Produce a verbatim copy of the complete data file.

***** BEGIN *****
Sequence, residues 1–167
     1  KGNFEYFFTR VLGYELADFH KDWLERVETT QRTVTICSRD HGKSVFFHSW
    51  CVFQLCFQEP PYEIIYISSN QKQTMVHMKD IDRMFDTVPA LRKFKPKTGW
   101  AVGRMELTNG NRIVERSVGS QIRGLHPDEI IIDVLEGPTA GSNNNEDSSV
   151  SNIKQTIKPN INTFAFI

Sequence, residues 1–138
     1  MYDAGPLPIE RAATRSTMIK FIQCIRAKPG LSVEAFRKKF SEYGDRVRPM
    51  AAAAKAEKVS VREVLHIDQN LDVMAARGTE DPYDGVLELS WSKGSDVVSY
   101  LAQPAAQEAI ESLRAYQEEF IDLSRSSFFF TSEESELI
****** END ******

Sequence, residues 1–167
     1  KGNFEYFFTR VLGYELADFH KDWLERVETT QRTVTICSRD HGKSVFFHSW
    51  CVFQLCFQEP PYEIIYISSN QKQTMVHMKD IDRMFDTVPA LRKFKPKTGW
   101  AVGRMELTNG NRIVERSVGS QIRGLHPDEI IIDVLEGPTA GSNNNEDSSV
   151  SNIKQTIKPN INTFAFI

Sequence, residues 1–138
     1  MYDAGPLPIE RAATRSTMIK FIQCIRAKPG LSVEAFRKKF SEYGDRVRPM
    51  AAAAKAEKVS VREVLHIDQN LDVMAARGTE DPYDGVLELS WSKGSDVVSY
   101  LAQPAAQEAI ESLRAYQEEF IDLSRSSFFF TSEESELI